Cleaning the ventilation of your dryer is not a glamorous task, it is a necessary task that reduces the risk of fire in your home and also saves you money. Here's how to do it.
The vast majority of problems you will encounter with your dryer result directly from the failure of its usual cleaning. It's easy not to think about it and if you've never cleaned your dryer, we will not blame you. This is important both for extending the life of your device and for security. Here's why and how to do it.
Why clean your vent?
When it comes to cleaning domestic tasks, some elements are of low priority and pose little risk. There are also things you should not put in the "one day, never" category.
Dusting the trim over a door is one of those low priority tasks. Yes, it's good to have dusted all the lining of your house, but if you neglect it (for years, even), it will not come out horrible. The vents of the dryer, on the other hand, are another story. Nearly 3,000 dryer fires are reported each year in the United States, resulting in about five deaths, 100 injuries and $ 35 million in property damage. according to the US Fire Administration. One third of these fires are directly attributable to a lack of cleaning of the dryer.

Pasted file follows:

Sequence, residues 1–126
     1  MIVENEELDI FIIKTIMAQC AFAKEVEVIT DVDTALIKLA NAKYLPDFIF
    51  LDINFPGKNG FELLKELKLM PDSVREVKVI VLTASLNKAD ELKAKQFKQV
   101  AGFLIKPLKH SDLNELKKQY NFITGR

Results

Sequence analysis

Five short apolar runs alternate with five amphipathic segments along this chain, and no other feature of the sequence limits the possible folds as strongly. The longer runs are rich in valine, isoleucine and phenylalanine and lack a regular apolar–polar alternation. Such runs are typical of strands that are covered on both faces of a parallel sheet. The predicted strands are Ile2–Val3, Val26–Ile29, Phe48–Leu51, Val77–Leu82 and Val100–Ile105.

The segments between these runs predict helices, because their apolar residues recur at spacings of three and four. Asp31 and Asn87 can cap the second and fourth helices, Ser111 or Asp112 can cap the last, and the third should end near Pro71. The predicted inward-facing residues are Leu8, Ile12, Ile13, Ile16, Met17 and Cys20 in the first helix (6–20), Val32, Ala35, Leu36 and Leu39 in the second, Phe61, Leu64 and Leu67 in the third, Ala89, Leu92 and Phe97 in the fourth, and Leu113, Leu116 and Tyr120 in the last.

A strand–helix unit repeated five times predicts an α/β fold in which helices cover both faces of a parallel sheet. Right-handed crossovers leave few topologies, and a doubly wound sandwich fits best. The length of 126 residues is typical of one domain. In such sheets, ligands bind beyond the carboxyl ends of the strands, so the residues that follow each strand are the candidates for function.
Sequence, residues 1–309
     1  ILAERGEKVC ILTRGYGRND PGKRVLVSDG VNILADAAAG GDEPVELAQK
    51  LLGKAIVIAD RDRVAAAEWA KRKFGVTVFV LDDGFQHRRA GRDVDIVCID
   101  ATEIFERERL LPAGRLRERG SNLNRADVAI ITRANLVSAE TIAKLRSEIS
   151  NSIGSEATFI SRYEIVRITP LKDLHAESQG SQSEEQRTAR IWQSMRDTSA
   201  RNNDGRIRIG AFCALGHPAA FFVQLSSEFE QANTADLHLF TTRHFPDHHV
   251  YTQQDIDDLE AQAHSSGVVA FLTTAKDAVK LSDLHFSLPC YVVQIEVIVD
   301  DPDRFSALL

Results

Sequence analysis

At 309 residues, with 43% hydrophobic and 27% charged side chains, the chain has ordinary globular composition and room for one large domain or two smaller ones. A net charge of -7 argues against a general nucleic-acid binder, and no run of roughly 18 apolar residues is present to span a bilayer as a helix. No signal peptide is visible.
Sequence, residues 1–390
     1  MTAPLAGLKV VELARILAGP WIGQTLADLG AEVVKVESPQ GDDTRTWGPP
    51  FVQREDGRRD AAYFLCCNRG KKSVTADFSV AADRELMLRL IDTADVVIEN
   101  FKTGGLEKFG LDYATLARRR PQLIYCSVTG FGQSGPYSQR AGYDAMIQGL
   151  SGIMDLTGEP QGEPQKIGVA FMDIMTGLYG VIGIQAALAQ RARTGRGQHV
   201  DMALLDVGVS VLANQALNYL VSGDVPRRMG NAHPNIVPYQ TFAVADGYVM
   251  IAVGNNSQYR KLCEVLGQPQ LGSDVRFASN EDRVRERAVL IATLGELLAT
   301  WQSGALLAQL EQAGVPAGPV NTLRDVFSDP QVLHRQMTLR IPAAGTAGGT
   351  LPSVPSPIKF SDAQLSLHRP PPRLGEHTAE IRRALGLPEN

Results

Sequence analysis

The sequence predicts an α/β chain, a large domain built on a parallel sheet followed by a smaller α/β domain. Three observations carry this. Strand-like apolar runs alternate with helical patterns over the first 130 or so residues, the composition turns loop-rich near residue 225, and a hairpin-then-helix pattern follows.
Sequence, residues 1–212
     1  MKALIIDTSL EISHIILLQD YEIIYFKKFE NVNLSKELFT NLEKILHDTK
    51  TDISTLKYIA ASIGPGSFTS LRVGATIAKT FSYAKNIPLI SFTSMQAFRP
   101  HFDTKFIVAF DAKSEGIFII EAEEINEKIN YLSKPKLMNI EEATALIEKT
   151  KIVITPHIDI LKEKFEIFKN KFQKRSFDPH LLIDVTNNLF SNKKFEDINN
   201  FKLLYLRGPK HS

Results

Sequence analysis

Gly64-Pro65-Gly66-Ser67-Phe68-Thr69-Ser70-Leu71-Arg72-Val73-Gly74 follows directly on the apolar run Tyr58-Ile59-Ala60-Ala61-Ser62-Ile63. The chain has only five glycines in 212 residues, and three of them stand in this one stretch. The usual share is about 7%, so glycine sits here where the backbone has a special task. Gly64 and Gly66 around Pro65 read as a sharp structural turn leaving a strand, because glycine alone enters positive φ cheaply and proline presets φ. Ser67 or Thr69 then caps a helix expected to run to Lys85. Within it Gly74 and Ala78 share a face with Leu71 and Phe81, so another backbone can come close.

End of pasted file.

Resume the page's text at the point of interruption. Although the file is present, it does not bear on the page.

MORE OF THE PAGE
Even if you are lucky enough to avoid a fire as serious as that caused by a poorly maintained tumble dryer, not cleaning the air duct reduces the efficiency of your tumble dryer (which both 'energy and money), reduces its life (do not clean it as if you do not change the oil in your car), drying clothes is incorrect (which can lead to odors and can cause mold and mildew in the dryer vent (which also causes odors).
Powerful indicators that your dryer needs to be cleaned
Cleaning the ventilation of your dryer at least once a year is an absolutely essential home maintenance task. If you meet all of these indicators or not, you should still take the time to do so.
However, if you encounter any of the following problems, you have a significant delay in a cleanup and you must take care of it as soon as possible.
Your dryer is with air currents
If you smell air in your dryer when you empty it, it means that the flapper on the outside of your home or apartment is locked in the open position. Lint and generally compacted dryer debris are at the root of this situation as they accumulate enough to prevent the lid from closing at the end of the vent.
Your clothes are not completely dry